It would run a lot higher than spec for a short time, until the motor burned out. It would also have a huge increase in noise, but not as large of an increase in air movement. Might be useful for a TEC or something similar.
Project: Black and White i7 920 D0 | 3 x 2GB DDR3 | EVGA X58 SLI LE
XFX 4890 | Corsair HX750 | Corsair Obsidian
Hmm, thinking back to my BCIT dc motors class, I'd think that it is the actual fan blades and bearing noise that you'd hear. If the fan blades and bearing were identical, you'd hear the same db noise. You're not changing the RPM of output shaft, just the input voltage into a different motor.
I'd check rated CFM and db noise level on the fans you're interested in. Now, you may be able to find some higher CFM 24V fans and undervolt them if noise is a factor for you.
Interesting, thanks for making me think back to Class of 90 Robotics and Automation.
Edit: perfect timing, now my extra power cables have vibrated forward and are touching my bottom fan. Gotta take the cover off the 900. Probably wouldn't have happened if we weren't talking about fans. No one mention HD's please.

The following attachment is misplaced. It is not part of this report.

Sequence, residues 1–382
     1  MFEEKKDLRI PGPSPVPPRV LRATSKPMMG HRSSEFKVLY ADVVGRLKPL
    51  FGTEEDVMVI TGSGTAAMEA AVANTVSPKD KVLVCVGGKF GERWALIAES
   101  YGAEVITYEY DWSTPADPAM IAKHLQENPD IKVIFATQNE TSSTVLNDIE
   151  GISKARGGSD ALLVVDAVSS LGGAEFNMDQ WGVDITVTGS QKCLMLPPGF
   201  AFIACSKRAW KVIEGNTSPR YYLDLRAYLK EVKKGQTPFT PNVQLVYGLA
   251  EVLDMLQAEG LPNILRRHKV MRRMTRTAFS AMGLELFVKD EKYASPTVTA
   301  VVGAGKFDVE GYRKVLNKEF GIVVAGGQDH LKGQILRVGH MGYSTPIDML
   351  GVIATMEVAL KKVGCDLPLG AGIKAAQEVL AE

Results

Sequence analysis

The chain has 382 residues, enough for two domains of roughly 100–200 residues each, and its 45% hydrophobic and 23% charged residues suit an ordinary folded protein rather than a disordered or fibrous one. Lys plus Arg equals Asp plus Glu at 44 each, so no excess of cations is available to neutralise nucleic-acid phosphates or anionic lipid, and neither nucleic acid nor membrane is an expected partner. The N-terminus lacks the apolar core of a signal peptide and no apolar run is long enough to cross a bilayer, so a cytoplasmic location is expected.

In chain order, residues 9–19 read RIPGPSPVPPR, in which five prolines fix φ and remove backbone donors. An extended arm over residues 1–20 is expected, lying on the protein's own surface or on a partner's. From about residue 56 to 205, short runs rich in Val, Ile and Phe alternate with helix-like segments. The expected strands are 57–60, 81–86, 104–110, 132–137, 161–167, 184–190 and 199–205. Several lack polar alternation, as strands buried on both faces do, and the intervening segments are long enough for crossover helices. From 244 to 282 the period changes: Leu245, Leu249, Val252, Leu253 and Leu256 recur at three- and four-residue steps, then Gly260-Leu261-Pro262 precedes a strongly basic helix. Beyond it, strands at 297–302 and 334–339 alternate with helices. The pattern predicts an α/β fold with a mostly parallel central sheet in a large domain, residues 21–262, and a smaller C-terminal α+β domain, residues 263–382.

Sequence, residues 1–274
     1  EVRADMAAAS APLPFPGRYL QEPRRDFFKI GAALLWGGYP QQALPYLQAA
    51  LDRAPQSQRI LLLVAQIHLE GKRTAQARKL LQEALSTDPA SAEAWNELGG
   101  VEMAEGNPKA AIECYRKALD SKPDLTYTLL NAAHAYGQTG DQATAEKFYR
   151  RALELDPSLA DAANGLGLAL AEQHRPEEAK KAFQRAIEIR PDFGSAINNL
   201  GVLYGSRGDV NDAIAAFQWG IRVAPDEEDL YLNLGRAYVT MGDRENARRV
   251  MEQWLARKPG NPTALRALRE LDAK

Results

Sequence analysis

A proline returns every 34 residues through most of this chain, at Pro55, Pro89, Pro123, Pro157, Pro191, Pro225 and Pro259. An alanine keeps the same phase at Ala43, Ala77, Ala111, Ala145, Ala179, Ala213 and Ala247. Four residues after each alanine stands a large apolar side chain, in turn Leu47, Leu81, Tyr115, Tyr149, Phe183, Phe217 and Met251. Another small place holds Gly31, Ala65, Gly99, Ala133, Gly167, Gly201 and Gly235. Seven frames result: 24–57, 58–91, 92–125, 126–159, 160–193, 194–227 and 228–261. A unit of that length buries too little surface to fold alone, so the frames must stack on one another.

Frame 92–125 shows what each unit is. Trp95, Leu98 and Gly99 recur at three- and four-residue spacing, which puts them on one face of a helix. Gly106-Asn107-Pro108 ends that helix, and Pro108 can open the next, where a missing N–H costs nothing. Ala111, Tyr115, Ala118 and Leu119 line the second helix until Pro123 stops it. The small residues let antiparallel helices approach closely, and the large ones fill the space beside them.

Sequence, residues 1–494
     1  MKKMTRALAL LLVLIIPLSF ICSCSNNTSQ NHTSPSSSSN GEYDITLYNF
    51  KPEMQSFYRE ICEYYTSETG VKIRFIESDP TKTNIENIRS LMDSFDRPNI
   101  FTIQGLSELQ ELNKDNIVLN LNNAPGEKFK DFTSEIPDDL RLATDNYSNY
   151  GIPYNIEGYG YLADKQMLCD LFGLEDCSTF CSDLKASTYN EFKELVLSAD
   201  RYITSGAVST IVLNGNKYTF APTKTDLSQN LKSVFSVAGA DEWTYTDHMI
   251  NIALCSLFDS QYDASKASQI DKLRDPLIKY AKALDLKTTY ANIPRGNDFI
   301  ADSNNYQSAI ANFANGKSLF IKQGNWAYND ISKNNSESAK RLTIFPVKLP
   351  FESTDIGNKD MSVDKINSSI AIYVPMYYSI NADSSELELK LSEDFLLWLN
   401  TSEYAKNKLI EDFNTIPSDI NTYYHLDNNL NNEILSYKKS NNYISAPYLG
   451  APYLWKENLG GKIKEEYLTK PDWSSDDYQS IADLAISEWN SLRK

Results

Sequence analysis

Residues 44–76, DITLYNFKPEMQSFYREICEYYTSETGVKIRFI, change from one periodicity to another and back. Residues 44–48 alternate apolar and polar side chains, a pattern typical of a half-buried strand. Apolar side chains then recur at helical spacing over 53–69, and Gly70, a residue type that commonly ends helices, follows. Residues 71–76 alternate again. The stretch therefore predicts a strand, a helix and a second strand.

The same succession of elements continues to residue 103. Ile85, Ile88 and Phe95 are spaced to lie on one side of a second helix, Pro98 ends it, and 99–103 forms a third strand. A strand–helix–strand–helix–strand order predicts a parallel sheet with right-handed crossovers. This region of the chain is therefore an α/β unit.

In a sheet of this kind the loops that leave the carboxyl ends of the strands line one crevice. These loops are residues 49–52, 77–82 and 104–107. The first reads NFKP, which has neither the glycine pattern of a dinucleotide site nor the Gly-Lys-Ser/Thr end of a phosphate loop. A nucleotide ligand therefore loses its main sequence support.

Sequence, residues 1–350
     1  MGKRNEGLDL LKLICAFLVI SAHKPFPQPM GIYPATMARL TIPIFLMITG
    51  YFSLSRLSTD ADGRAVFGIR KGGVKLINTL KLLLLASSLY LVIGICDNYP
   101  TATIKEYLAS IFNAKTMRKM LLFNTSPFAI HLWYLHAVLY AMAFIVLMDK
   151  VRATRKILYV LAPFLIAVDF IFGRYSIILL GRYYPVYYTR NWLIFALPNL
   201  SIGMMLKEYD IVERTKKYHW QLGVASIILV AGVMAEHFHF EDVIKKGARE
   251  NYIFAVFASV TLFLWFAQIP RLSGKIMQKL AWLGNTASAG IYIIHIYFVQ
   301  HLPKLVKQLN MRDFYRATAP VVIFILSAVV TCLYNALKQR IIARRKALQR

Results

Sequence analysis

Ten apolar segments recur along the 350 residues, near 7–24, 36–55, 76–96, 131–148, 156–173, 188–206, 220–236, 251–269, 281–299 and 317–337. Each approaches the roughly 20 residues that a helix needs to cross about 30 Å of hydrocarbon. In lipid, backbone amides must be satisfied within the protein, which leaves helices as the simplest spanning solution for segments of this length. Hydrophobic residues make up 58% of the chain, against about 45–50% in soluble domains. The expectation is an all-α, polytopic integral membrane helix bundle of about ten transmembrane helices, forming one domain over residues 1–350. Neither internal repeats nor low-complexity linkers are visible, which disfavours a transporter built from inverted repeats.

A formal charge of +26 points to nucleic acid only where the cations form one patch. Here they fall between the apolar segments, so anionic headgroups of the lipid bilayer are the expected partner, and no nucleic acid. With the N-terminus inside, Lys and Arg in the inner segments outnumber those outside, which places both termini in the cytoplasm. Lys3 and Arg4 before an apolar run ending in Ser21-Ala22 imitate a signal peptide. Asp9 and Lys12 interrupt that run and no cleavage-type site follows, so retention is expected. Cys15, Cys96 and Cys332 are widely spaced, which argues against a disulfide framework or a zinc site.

Quite often, a device using a higher input voltage can get slightly better efficiency (i.e. PSU's running 220V instead of 110V.), which would translate into less heat dissipated, but that's really not an issue where a fan is concerned. Noise-wise, I wouldn't expect the voltage to make any difference at all, although obviously different fan designs will matter. If there's some fan out there with an uber-magical noise/cfm ratio, that only runs on 24V, then that might justify the trouble. But I can't see it being worth the bother otherwise.
That said, you've got some rigs on water, right? If you're going grab yourself a 24V power supply, why not grab yourself an Iwaki RD-30?
i7 2600K | ASUS Maximus IV GENE-Z | GTX Titan | Corsair DDR3-2133